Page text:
Disease Change and the Role of Medicine
The Navajo Experience
Publication Year: 1983
Published by: University of California Press
Title Page, Copyright, Dedication
...friends and colleagues have helped with various aspects of this work, and it is with pleasure that I acknowledge their assistance. Much of the early data collection was done with the financial support of grant GI-34837 from the National Science Foundation. That was my piece of a large study called the Lake Powell Research Project which brought together in an unlikely consortium...
...the seventeenth century in Western Europe and later elsewhere, human population began to grow at an unprecedentedly high and sustained rate. Though increased fertility has been implicated as one of the contributing causes, a continuous dramatic fall in mortality has been of at least equal and probably greater significance. The decline in mortality—what has been termed the epidemiological transition...
1. Mortality, Fertility and Social Organization
...infectious diseases are relatively recent phenomena in human history. For most of man's time on earth, populations were small, scattered, and dependent upon hunting and gathering. Those infectious diseases that affected humans were either the result of accidental infection by zoonoses or indolent infections that perhaps had evolved with humans...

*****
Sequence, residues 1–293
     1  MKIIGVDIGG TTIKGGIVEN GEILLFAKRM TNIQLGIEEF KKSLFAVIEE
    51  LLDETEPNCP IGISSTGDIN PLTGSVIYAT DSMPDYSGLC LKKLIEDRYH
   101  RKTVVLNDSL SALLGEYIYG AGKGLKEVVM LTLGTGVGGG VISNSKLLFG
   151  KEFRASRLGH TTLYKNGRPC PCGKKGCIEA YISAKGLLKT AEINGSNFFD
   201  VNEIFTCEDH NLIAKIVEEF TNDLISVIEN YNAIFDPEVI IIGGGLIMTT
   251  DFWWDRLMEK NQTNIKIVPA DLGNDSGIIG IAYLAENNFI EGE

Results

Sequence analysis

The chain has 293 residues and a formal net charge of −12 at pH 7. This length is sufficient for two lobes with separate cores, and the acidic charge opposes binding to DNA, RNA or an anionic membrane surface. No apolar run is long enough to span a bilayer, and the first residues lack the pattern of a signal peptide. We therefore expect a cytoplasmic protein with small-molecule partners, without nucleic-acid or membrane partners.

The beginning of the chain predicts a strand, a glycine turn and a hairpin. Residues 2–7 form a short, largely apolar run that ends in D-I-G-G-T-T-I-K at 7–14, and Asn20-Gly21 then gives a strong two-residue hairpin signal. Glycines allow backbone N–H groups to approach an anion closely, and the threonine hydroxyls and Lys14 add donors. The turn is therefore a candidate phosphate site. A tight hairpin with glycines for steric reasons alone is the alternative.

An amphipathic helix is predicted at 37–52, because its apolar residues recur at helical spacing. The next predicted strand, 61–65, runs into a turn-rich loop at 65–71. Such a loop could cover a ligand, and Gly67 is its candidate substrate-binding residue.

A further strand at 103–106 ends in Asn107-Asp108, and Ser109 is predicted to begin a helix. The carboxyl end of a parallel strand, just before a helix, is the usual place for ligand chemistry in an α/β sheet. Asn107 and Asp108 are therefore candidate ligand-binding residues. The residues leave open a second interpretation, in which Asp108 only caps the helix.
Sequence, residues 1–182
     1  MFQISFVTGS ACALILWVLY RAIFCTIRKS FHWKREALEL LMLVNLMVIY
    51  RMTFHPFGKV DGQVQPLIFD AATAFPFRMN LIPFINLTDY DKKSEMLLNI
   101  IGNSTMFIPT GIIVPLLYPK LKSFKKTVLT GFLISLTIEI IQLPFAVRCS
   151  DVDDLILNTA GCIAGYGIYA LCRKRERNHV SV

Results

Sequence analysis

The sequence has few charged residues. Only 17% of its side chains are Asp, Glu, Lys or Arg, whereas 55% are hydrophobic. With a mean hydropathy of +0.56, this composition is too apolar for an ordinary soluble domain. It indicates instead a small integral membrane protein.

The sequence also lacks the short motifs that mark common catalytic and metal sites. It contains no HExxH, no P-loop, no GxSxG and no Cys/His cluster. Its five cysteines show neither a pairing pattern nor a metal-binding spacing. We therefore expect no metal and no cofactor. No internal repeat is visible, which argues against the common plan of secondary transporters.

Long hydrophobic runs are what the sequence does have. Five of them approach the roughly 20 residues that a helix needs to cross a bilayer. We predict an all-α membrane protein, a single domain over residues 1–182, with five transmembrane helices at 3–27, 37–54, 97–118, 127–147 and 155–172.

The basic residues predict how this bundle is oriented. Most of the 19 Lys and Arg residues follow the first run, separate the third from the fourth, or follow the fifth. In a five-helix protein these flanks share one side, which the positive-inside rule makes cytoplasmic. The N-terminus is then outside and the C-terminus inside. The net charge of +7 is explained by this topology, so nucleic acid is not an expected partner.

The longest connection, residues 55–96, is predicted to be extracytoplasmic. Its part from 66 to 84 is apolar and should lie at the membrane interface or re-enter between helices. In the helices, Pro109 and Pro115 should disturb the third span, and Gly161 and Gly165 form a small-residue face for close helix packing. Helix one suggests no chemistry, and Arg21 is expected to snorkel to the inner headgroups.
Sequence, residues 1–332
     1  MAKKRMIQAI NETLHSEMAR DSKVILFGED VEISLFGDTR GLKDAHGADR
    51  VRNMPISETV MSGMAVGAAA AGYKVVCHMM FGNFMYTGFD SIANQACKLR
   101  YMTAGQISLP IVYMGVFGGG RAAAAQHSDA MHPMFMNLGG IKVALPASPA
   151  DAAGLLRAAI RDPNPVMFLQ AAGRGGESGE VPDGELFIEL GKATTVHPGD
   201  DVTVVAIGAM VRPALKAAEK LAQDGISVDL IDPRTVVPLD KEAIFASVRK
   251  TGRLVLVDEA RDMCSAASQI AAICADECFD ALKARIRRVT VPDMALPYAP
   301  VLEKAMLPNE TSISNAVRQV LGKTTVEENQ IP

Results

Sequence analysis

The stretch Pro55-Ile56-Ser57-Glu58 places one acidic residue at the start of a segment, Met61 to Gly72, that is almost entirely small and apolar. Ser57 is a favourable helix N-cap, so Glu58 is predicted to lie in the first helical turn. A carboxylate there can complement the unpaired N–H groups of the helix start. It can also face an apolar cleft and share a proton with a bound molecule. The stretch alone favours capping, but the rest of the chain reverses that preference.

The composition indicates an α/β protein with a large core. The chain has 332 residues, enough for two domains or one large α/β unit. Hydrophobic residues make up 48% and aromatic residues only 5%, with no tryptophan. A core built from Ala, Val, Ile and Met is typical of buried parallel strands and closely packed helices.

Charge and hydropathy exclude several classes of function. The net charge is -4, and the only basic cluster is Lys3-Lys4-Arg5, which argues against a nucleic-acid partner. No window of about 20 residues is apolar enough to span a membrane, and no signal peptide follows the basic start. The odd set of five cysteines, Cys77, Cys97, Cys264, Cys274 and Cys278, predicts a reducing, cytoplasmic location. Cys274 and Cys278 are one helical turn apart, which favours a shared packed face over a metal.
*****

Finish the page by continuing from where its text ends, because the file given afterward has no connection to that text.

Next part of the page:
2. Economic and Demographic Change on the Navajo Reservation
...probably entered north-central New Mexico during the sixteenth century. As a result of pressure from other Indians, as well as from Spaniards, Mexicans, and Anglo-Americans, they moved southwest and by the first half of the 18th century, perhaps as early as 1706, they were at Canyon de Chelly (James and Lindsay 1973). A small number...
3. Disease Patterns on the Navajo Reservation
...rates had already declined substantially by the mid- 1950s when the Public Health Service assumed responsibility for services to Indian communities and began to record vital events. Nonetheless, the change in causes of mortality and morbidity that accompanied this decline continued. This transition is illustrated in table 3.1, which shows the...
4. Traditional Navajo Health Beliefs and Practices
...the greater Southwest it has been observed that "in spite of the complex intertwining of ideas, two separate lines of religious practice can . . . be followed out. Oversimplified, they are as follows: The agriculturists tend to develop communal ceremonies, the hunters, personal religious participation" (Underhill 1948:viii). Traditional Navajo religion is an amalgam of these two lines, for the Navajos...
5. Health Care Utilization
...the first half of the nineteenth century, the administration of Indian affairs was under the jurisdiction of the War Department. From time to time military physicians treated Indian patients, including giving smallpox vaccinations. In 1849 when Indian affairs were transferred to the Department of the Interior, civilian physicians were...
6. Changing Mortality and the Role of Medicine
...several different tribes and showed that as epidemic infectious diseases have waned, man-made and degenerative diseases with an important psychosocial component to their etiology have become increasingly significant. Among the tribes considered in chapter 1, there is a relationship between prereservation patterns of ecological adaptation and contemporary mortality patterns, which I explained by...
Appendix I: Data and Methods
Appendix II: Additional Tables